Vail Daily health column: Why a medical diagnosis offers false comfort
Special to the Daily
We talk to our friends, comb the Internet and possibly consult with a physician. Alas we have it; the diagnosis: a rotator cuff tear, plantar fasciitis, a herniated disc. There is comfort in having a definitive answer, something to explain our pain. Does having a label for our pain, though, truly resolve the problem? Somehow we have come to believe that having a diagnosis is akin to having a cure. Knowing what you have is only a fraction as important as knowing why it happened.
According to a recent study conducted by the Institute of Medicine, we spend $750 billion dollars a year on medical excess (unnecessary, redundant and scientifically ineffective tests, procedures and treatments). We aim our attention at symptoms. If it is inflamed, we inject it and rest; if it’s tight, we stretch and release it; and if it’s worn down, we pursue surgery. Although these can be good options, none of them address the underlying cause.
The recurrence rate of surgically repaired rotator cuff tears is approximately 50 percent.
We assume the rotator cuff is weak. After surgery, we focus on strengthening the cuff. In many cases the supraspinatus (the most commonly torn muscle in the rotator cuff) is overworked. A fall onto the shoulder can shut down the deltoid, so the supraspinatus picks up the slack. Eventually it tears because it can’t handle the extra work. Assuming the muscle is weak can significantly worsen the problem.
The average duration of plantar fasciitis is two years.
It hurts in the foot, so that is where we focus all our attention. The brain has chosen to use the calf instead of something else. What isn’t working upstream? If, for example, someone sits at a desk for hours on end, in time, their brain can forget how to use the glute. The calf is in the same chain, so the brain decides to use it instead, ultimately over-stressing the plantar fascia. Until the underworked/overworked muscle pairing is righted in the brain, the calf will drive the bus, and the plantar fascia will pay the fare.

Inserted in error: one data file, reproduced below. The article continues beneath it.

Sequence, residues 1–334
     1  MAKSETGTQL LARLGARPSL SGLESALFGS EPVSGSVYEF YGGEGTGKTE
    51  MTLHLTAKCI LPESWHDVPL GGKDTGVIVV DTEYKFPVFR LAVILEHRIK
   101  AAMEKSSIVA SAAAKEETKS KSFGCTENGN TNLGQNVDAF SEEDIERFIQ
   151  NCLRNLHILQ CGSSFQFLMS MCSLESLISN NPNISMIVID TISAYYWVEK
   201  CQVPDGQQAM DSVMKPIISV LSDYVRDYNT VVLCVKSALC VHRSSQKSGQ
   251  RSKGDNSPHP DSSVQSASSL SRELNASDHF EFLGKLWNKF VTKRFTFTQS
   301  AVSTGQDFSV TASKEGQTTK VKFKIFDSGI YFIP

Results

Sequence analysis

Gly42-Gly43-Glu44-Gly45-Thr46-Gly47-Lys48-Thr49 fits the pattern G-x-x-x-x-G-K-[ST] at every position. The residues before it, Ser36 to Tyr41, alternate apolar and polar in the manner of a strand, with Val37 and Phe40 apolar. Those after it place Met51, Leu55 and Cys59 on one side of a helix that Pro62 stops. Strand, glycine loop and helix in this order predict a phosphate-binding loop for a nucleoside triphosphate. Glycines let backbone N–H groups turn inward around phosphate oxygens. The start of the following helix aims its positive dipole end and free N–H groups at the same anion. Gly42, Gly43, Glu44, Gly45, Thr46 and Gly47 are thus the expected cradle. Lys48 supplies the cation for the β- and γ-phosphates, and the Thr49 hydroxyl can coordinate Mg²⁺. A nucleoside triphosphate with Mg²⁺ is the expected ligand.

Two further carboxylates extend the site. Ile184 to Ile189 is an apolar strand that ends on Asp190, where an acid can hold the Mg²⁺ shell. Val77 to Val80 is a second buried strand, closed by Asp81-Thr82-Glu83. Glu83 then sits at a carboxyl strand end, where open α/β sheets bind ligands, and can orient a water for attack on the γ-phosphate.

According to a recent study published in the Journal of the American Medical Association, we spend $85.9 billion dollars a year trying to treat back pain.
There are roughly 640 skeletal muscles in the body. Yet when it comes to back pain we resort to “release the psoas, stretch the piriformis and strengthen the core.” What if the psoas is so weak that it locks down in an attempt to create some form of stability? Quite commonly the piriformis works on behalf of the psoas. Many back pain exercise protocols include the “clamshell.” This exercise strengthens the already over-performing piriformis. Pair this with release of the psoas, and we are 100 percent exacerbating the problem: releasing what is already weak and strengthening what is already overworked.
With time limitations and insurance constraints, we are encouraged to follow a rigid set of algorithms to guide our care. We follow protocols that treat all patients as essentially interchangeable. For instance, with plantar fasciitis we may try: icing, stretching, yoga toes, exercise, rest, laser therapy, ultrasound, night splints, dry needling, steroid injections, trigger point therapy, HOKA shoes, orthotics and more. It’s like the Infinite Monkey Theorem of healthcare — throw everything at it and something may stick. Finding the true combination of underworked/overworked muscle can resolve plantar fasciitis in a few sessions.
The cure lies not in diagnosis but in diagnostics. The art of the physical exam and listening to the patient’s history have been replaced by technology, tests and more tests. We keep looking at the disease instead of at the patient who happens to have that disease. We also get tunnel vision. It hurts “here,” so why look anywhere else? The fact is that it’s all connected and it’s driven by the brain. Focusing only on symptoms puts Band-Aids on the problem, while finding the source gives us a cure. Retrain the brain or live with the pain.
Physical therapist Julie Peterson, owner of Concierge Physical Therapy, has a background in manual therapy and functional movement. She is the only specialist in the valley certified to perform neurokinetic therapy. She can be contacted by email at info@conciergePTcolorado.com.